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The Perfect Yoga Body: going on a snipe hunt

January 08, 20238 min read

Yoga teaches you how to listen to your body. - Mariel Hemingway

Don’t we all step onto the mat at least once, if not often, with visions of ourselves mirroring the beautifully symmetrical, graceful, perhaps even acrobatic, feats of flexibility we see in photographs? In fact, many of us were lured to yoga in the first place with grand promises, or at least overt implications, that we could one day be perfectly sculpted into the “yoga body” of our dreams. In my years on the mat, as student and teacher, I have realized that in practical life – unlike filter-fancified media – a perfect, symmetrical, yoga body is the yoga version of a snipe hunt.

What Does a “Yoga Body” Look Like? Well, It Depends.

Yoga shares cultural roots with the science of Ayurveda, and it works in a complimentary way with our yoga practice. Ayurvedic theory considers each of us quite unique, and starts by looking at an individual’s natural constitution or make-up – called our prakriti. Our prakriti is like the recipe that makes up our unique individuality. The ingredients of our recipe are called doshas. There are three doshas: Vata, Pitta, and Kapha. And every individual has a slightly different combination of these three for a recipe that makes just the perfect you. One might be primarily Vata, or largely Pitta, or mostly Kapha. One might be equally Vata-Pitta with just a dash of Kapha, or any other combination.

The balanced Vata dosha expresses itself as

  • creative,

  • flexible/adaptable, and

  • naturally slender, even lanky, body-types.

  • Annie Carpenter is likely* of predominately Vata constitution.

The balanced Pitta dosha expresses itself as

  • driven/highly motivated,

  • strong/athletic, and

  • naturally well proportioned/medium built body-types.

  • Kathryn Budig is probably* primarily Pitta dosha.

The balanced Kapha dosha expresses itself as

  • grounded,

  • reliable/dependable, and

  • naturally bigger bodied/stout/voluptuous body-types.

  • Jessamyn Stanley is likely* principally Kapha constitution.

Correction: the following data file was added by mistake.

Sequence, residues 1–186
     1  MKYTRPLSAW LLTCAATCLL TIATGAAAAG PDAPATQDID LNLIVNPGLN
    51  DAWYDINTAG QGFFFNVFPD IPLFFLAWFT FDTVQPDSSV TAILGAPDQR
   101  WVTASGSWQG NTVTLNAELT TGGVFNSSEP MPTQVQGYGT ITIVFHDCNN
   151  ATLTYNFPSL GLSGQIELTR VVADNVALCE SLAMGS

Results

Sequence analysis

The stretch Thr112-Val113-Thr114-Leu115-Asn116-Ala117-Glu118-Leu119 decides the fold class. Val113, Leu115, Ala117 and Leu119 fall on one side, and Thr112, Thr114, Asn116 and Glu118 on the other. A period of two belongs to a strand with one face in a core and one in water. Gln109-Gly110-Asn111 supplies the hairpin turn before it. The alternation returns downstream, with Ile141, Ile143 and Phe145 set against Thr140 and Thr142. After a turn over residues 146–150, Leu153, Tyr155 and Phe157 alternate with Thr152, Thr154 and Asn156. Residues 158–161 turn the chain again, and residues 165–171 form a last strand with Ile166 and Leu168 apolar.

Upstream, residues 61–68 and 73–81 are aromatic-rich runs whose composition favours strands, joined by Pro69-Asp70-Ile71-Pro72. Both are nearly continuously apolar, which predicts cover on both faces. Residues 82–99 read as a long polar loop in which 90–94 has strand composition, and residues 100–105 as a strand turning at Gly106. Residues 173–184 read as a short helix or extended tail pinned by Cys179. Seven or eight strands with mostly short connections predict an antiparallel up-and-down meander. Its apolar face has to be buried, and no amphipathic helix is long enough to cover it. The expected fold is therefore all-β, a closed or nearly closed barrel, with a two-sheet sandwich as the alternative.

*An Ayurvedic Practitioner would give the most reliable evaluation of anyone’s unique Prakriti make-up; however, I believe these teachers are representative of just how broad the spectrum of “Yoga Body” is in the real world.

The Himalayan Institute has a lovely short video overview of the tridosha theory, if you are interested. Or, for a more thorough outline of characteristics representative of the doshas, check out Ayurveda & Dosha Types for Beginners from MindBodyGreen.

There is so much more depth to Ayurveda, but for my point here, it is enough to know that every body that walks into the yoga studio is different. And that is as it should be.

Therefore, it stands to reason that every body is going to look a little different in each posture. And that is as it should be.

Want to come to the mat with a more accurate vision in mind for what a yoga body looks like? Skip popular, mainstream media, and do a quick online search for #whatayogilookslike, a campaign from Yoga International with Yoga and Body Image Coalition designed to provide us with a more accurate representation of what yoga bodies look like in real, practical life.

Let’s Rethink Flexibility

Somewhere along the way, the term flexibility has become synonymous with images of pretzel-like postures worthy of Cirque du Soleil. So, when folks tell me either, “I am not flexible enough to do yoga,” or “how do I get as flexible as so-and-so,” the words of Inigo Montoya always come to mind.

You keep using that word. I do not think it means what you think it means.

[For those unfamiliar with The Princess Bride reference, treat yourself to a a good laugh and check out this great 80’s movie.]

Flexibility refers to a muscle’s ability to adapt to the body’s needs. That is, to contract and be strong or to stretch and still be strong, depending on the way the body is standing, sitting, laying, or moving at any given time. To engage or relax as needed. Flexibility is about a muscle’s range of motion and adaptability.

This is not to be confused with hyper-mobility (a predisposition – that is typically genetic – to über mobile joints), or lax ligaments (often a result of poor body mechanics or injury) – both of which allow excessive range of motion within a joint. For a well-written description of hyper-mobility vs. flexibility, read Jenni Rawlings’ article for YogaDork.